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Cullen - Presentation of Achievement Awards

Friday 17 March 2006

Presentation of Achievement Awards at National Research Centre for Growth and Development

Liggins Institute, University of Auckland, 2-5 Park Ave, Grafton, Auckland

I would like to thank your Director, Professor Peter Gluckman, and the Board Chairperson, Alison Paterson, for inviting me to present these awards.

The National Research Centre for Growth and Development is a model of engaged scientific research. It exemplifies the qualities that the Government has been seeking in establishing Centres of Research Excellence.

What drives the centre and its 120 staff and students is a combination of curiosity, compassion and commercial awareness. It is driven by curiosity, in that the biology of early development and its life-long consequences for health and disease is a broad and immensely challenging field of research. The mapping of the human genome, which received so much publicity when it was achieved a few years ago, merely describes a vast continent of knowledge and confirms that scientists have really only inhabited the fringes of that continent.

The unexplored interior beckons, and it is a matter of great pride that New Zealand researchers are in the vanguard of those who are opening up new territory. There is an interesting complementarity between the research undertaken at this centre and the long-running developmental study being undertaken by the Otago School of Medicine. It seems that New Zealand is a recognised world leader in research programmes that document precisely how the pathologies of adult life have their roots in early developmental experience.

Secondly, the centre is driven by compassion, in that the focus of the centre’s research has always been therapeutic, and the outcome that is sought will always be a better understanding of how to prevent and alleviate human suffering.

The researchers at the centre have already been involved in developing new technologies and clinical practices that have been adopted worldwide in the treatment of a variety of neo-natal and childhood disorders. That proud record continues, as illustrated by the awards I am presenting today.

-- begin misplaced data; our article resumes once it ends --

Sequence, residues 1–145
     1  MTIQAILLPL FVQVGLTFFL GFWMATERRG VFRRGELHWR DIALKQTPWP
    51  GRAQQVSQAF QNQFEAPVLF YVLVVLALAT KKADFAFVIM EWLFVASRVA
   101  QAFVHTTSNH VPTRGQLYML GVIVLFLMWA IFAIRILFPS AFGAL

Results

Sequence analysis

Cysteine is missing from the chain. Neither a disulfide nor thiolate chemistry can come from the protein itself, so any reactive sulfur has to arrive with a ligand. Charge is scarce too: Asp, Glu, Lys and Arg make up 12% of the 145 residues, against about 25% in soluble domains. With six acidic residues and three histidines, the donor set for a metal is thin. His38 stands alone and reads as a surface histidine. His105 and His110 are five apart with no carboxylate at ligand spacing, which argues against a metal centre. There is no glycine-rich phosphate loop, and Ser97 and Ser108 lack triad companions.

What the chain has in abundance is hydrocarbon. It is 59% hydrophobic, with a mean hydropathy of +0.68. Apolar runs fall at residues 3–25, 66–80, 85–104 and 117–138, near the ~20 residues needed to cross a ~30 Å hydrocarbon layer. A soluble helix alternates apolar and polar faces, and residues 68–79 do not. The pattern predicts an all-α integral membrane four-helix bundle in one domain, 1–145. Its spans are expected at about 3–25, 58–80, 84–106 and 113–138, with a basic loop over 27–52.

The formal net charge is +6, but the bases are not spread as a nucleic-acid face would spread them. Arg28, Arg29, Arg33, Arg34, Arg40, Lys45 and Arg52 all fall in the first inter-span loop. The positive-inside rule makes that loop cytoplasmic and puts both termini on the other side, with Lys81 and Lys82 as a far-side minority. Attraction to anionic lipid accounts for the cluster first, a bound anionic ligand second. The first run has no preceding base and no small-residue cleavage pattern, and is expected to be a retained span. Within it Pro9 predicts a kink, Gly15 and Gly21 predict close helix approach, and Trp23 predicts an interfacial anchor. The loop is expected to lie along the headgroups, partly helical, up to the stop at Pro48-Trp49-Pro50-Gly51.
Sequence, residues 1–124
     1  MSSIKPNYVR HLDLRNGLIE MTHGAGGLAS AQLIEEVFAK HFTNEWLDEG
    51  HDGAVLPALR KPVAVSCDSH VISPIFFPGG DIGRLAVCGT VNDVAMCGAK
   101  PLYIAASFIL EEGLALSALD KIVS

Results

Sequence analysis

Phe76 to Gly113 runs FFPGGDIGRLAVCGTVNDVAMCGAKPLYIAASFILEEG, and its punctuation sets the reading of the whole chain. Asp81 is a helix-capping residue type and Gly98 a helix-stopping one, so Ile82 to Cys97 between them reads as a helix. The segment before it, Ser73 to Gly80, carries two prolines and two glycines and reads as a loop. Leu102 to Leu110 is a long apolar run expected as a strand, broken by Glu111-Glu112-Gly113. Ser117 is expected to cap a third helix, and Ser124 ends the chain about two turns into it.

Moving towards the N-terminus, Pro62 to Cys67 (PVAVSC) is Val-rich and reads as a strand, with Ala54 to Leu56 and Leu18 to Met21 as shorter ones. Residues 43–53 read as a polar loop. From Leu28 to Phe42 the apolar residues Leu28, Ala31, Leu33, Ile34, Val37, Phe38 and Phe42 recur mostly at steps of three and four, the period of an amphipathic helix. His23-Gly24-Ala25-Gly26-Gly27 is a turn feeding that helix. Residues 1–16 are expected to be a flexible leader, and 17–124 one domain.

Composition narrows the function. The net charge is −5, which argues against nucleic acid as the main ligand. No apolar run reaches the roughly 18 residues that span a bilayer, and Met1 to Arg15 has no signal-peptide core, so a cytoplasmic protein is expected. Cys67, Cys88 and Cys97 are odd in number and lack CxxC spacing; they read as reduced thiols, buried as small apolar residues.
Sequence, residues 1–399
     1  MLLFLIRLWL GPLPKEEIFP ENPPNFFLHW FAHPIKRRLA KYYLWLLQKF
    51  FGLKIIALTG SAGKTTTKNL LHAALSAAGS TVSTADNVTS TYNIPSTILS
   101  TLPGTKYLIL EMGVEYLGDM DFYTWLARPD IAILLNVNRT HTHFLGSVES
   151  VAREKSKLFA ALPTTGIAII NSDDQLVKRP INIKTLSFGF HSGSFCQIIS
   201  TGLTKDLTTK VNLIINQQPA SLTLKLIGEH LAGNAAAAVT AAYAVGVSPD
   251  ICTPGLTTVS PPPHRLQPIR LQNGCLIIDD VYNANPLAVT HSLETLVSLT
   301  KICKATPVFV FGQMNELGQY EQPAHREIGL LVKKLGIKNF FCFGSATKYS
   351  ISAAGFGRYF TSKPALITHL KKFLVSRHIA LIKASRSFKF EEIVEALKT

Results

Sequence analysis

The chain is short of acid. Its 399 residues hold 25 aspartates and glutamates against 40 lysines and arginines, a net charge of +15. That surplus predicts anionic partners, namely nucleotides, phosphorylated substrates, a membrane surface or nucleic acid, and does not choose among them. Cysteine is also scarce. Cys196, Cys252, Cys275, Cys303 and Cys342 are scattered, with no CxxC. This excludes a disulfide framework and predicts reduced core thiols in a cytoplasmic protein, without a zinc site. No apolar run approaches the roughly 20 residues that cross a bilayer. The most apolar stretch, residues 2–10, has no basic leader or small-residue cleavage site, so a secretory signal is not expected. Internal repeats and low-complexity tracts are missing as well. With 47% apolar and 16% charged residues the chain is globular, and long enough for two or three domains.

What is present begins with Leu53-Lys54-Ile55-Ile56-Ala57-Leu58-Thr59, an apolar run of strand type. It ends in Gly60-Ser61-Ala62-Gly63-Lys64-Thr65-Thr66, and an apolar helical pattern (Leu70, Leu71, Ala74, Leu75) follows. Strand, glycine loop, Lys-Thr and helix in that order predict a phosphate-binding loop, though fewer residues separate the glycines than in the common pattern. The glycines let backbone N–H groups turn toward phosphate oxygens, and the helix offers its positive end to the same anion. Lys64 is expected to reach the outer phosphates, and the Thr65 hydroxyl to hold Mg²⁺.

And finally, the centre is driven by a degree of commercial awareness. Biotechnology and health care are industries with a very bright future, as humanity comes to grips with the challenges of maintaining quality of life for growing populations within an environment that is suffering the effects of clumsy, exploitative development.

Our ambition in New Zealand is to transform our economy into one that makes its living through exporting technological innovation, as much as through exporting primary produce. Advances in human and animal biotechnology made in New Zealand create opportunities for us to develop our medical research and biotechnology industries, and thereby earn a better living in the global economy.

The commercial applications in biomedical science and in agriculture that arise from the centre’s work are important as sources of potential revenue for building an even stronger research programme and continuing to attract talented researchers. The centre has, I believe, demonstrated that research and entrepreneurialism can coexist quite happily, so long as the boundaries between them are clearly understood and respected.

Today’s awards are a vote of confidence in promising young researchers and in the future of scientific endeavour in New Zealand. Thank you.

ENDS

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